Worldwide, increasing numbers of adolescent girls and women, who are biologically more susceptible to HIV than males, are becoming infected with HIV and they are becoming infected at younger ages than men. Many are reporting having had only one lifetime sexual partner or only having sex with their current partner. Thus, despite the tendency in many countries to label women as “vectors” of HIV and to blame them for its spread, women around the world are increasingly being infected by their husbands or regular partners who themselves are engaging in unsafe behaviours, such as unprotected casual sex with multiple partners, with commercial sex workers or with other men, and who engage in unsafe drug-injecting practices.
Prevention strategies that promote male condom use, mutual fidelity and non-penetrative sex may be irrelevant to many women at risk for HIV infection. Women may fear the consequences of insisting on condom use, such as physical or sexual abuse, loss of income or a place to live, disruption of the relationship, and loss of esteem and respect. Many women are denied the right to refuse sex, or they live in a social, economic and cultural context which undermines their ability to negotiate safe sex and which sanctions male but not female infidelity.
Although there has been a greater focus on the vulnerability of women to HIV/AIDS and its underlying causes in recent years, little information has been gathered on approaches that specifically aim to address the special needs of women. In response to this gap in knowledge, GPA convened a meeting to draw from experiences in the HIV/STD field, as well as from other, well-established, fields such as family planning, maternal and child health and income-generation. The overall objective of this meeting was to document and promote interventions that directly or indirectly increase women’s ability to protect themselves from HIV.
The meeting was organized around four themes (see Agenda, Appendix 1):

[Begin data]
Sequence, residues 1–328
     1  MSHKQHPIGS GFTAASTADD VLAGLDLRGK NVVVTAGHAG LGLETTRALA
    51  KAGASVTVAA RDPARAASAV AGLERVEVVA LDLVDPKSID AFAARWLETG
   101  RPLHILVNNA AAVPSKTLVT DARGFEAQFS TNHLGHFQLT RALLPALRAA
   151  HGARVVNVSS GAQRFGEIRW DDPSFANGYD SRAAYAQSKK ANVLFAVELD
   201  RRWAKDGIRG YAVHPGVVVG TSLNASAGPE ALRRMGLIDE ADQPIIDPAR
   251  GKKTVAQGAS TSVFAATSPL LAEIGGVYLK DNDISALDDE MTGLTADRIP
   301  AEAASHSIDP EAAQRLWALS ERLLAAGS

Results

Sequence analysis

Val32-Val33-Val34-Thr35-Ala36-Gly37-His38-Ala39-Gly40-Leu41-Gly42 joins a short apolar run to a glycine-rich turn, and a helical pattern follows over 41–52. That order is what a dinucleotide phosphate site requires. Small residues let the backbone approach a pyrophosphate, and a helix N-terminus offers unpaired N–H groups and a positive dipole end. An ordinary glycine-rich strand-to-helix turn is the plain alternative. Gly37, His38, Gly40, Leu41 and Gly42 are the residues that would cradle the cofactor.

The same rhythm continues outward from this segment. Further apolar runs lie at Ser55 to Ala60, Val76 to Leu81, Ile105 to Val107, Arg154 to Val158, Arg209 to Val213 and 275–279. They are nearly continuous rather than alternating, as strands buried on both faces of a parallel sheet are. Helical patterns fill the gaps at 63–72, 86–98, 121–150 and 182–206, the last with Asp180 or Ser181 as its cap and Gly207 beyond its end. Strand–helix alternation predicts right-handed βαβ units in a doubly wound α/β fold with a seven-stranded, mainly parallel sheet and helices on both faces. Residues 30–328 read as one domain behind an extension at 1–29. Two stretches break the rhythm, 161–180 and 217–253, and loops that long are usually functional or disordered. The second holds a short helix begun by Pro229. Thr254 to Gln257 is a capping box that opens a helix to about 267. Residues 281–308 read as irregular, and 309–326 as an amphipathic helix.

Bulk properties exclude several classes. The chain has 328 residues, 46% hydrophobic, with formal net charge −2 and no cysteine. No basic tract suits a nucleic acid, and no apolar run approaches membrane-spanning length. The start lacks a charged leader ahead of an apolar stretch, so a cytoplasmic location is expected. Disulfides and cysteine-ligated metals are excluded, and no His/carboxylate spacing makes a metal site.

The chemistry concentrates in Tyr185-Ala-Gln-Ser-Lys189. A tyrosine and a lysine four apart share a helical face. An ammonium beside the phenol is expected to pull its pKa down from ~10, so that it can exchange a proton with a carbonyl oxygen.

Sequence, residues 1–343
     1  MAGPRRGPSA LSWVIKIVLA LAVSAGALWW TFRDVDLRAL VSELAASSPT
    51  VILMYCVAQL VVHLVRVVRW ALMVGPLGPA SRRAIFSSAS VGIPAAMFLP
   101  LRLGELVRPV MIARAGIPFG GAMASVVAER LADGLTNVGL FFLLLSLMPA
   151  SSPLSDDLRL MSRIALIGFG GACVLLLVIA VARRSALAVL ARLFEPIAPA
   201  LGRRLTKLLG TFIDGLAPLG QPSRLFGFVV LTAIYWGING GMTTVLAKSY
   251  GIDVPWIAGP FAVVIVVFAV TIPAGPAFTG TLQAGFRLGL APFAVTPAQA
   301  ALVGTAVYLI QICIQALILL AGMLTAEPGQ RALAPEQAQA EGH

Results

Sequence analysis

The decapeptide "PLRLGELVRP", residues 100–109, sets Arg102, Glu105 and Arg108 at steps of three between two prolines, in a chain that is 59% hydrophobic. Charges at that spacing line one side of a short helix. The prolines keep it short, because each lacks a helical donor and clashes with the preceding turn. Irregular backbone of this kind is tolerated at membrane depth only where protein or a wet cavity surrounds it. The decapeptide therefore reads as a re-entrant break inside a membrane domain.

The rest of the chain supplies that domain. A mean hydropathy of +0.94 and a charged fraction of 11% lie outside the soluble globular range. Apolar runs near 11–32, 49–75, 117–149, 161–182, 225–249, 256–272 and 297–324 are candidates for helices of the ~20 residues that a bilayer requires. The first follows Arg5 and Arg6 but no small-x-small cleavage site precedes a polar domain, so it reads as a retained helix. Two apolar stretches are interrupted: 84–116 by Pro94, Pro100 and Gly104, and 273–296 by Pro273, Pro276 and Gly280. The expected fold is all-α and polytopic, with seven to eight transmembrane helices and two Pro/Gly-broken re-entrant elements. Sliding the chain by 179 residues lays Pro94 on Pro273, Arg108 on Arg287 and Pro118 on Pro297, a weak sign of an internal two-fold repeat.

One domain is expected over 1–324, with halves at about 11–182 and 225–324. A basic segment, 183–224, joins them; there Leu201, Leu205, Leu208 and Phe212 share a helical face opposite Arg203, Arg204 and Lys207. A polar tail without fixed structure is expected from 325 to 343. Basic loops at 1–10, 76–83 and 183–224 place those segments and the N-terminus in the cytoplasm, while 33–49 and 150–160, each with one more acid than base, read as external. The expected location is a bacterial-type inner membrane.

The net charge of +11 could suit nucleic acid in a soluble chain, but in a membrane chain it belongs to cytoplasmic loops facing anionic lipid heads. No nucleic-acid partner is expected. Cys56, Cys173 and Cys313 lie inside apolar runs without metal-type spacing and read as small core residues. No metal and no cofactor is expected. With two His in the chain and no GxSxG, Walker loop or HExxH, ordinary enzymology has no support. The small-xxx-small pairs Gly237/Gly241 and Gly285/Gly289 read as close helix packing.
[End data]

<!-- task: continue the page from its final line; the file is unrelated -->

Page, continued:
• Effective approaches to HIV/AIDS prevention in women: promoting safer sexual behaviour
For each theme, reports of three or four interventions were presented and discussed. Overall and theme conclusions were drawn. The interventions had been selected to represent efforts among different communities. Many of the described activities could easily belong under more than one theme, but were placed to emphasize certain principles. Some had a strong research component for comparing different approaches, or assessing the effectiveness of a particular intervention, while others focused on achieving high coverage. Similarly, some interventions aim to promote safe sexual behaviours among individuals who are not yet at risk or to encourage behaviour change among those who are, while others attempt to influence the environment in which high-risk behaviours take place.
The meeting was attended by 13 participants who described the projects with which they were involved and by other participants from governmental and nongovernmental organizations (see List of participants, Appendix 2). Dr Sheila Tlou served as Chairwoman and Dr David Wilson as overall rapporteur. One additional rapporteur was selected for each theme area.
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